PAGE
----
Many Web-based public records services provided by private businesses are fee-based. PublicData.com is a service that offers access to records for several states for a nominal fee; databases include driver's license registration, vehicle identification numbers, and some criminal records. A deficiency of this service is its lack of currency: several records for Wisconsin have not been updated since 2001 (the site offers forthright information on its database currency).

    Accurint.com (www.accurint.com) is a helpful service for finding people; the searching is relatively flexible (you can search using an estimated age, for example), the records obtained are comprehensive (they include estimated dates of when an individual may have resided at an address), and the charges are reasonable ($0.25 per search, and roughly $4 to obtain a complete record). Two caveats: This service obtains its data from credit header information (as opposed to something more authoritative such as driver's license records), which must be taken into account when considering the accuracy of the records provided. Further, the registration process for this service is more involved than simply submitting contact information via the Web.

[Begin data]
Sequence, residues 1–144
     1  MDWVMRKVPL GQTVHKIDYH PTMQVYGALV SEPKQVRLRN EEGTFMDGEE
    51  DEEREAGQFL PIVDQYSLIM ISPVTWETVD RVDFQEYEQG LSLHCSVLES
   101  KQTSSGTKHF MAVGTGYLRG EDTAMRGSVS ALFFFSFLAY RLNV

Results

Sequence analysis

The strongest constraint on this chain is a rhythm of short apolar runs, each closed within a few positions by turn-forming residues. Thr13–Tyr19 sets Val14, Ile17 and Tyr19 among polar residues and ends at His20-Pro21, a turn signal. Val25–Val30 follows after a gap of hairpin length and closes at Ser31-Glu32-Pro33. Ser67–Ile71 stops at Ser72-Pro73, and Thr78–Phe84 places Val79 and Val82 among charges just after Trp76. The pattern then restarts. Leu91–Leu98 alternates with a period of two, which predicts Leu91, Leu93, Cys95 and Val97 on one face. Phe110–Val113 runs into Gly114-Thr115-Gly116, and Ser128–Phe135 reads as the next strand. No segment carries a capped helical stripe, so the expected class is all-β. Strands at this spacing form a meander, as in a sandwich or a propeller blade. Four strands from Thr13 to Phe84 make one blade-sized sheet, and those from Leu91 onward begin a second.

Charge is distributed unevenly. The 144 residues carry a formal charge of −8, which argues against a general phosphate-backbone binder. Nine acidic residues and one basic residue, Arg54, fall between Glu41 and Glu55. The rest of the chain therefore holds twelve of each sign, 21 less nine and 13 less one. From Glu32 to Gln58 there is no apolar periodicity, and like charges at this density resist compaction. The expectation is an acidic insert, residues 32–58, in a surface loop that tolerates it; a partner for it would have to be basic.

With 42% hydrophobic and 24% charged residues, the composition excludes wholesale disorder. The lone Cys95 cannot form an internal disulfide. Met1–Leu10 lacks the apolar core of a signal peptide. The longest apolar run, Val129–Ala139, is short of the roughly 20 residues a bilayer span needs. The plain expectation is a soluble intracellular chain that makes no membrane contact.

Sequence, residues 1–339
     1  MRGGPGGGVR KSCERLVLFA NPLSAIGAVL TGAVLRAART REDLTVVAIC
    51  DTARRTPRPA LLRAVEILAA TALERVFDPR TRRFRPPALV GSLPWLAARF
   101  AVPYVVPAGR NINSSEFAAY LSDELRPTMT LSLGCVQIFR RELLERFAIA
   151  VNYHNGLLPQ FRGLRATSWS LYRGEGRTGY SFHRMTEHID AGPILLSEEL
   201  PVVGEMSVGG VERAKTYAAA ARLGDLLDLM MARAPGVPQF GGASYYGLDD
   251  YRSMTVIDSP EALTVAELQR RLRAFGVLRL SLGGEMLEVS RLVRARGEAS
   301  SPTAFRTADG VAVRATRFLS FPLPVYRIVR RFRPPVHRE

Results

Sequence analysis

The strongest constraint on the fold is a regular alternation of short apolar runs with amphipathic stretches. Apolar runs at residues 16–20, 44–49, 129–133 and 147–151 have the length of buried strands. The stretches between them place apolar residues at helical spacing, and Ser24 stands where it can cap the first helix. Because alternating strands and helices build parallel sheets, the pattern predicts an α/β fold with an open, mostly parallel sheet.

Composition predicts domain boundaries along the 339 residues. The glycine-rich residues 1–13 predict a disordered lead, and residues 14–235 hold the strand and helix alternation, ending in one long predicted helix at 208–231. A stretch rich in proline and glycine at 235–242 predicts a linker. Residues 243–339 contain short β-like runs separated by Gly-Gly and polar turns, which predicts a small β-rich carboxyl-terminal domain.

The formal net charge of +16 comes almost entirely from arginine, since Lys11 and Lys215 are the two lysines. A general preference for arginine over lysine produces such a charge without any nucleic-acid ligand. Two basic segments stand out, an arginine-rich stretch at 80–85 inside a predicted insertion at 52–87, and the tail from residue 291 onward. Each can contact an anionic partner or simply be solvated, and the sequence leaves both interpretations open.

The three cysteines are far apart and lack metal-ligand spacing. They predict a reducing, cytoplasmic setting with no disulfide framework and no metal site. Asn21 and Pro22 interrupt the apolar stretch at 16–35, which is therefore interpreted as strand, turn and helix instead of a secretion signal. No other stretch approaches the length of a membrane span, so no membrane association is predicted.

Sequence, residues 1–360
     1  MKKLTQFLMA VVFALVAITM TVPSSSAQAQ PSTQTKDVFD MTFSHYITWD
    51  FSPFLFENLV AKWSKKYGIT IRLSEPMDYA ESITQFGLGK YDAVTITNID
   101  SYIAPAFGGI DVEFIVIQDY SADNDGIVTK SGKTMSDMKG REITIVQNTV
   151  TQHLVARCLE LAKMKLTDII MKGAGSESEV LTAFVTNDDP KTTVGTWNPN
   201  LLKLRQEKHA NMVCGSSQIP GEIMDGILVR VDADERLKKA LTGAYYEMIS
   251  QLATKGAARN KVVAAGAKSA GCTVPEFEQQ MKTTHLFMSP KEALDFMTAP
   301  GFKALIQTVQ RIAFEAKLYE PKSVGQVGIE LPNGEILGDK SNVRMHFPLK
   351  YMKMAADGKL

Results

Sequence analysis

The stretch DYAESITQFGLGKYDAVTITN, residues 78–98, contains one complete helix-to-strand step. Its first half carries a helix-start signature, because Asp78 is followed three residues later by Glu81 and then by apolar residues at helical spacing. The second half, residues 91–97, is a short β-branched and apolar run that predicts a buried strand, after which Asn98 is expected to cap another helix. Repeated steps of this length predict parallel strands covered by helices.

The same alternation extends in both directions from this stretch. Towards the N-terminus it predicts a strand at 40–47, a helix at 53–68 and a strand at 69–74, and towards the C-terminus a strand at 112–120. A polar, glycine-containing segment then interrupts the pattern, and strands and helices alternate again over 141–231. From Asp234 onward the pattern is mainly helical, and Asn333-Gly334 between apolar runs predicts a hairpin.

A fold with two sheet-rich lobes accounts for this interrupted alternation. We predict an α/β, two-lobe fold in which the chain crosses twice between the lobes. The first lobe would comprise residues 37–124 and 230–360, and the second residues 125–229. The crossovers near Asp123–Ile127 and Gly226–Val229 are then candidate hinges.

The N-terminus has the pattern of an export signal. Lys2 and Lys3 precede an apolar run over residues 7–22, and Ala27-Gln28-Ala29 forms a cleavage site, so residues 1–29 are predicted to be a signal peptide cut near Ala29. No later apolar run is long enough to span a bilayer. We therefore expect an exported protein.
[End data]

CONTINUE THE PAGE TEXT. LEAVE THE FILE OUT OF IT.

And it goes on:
Finding corporate information. Public records are also a source of information on corporations. More states are making the corporate record databases from their Secretary of State available. Some of the databases, like Wisconsin's, are accessible for free, while others require a fee. These records usually indicate the principal business address of a company in that state and whether the company is active and in good standing and list the name and address of its registered agent.

    The bigger the company, the more information is available. For a public company, search its Web site (which usually can be found by entering the name in Google) and scan for the "Corporate Info" or "Investor Relations" page, which should have copies of the most recent annual reports and/or financial statements. It is important to remember, however, that the main function of company Web sites is advertising; they will accentuate the positive and eliminate the negative. To find less flattering information on a company, check the D&B Express (express.dnbsearch.com/), an expensive but thorough service that provides several different reports, the most comprehensive of which includes lawsuits pending against a company, the details of a company's worth, and its lienholders. Another possibility is to return to news sources - in particular, the Business Journals database (www.bizjournals.com), which offers free access to the articles in all of its city journals back to 1996.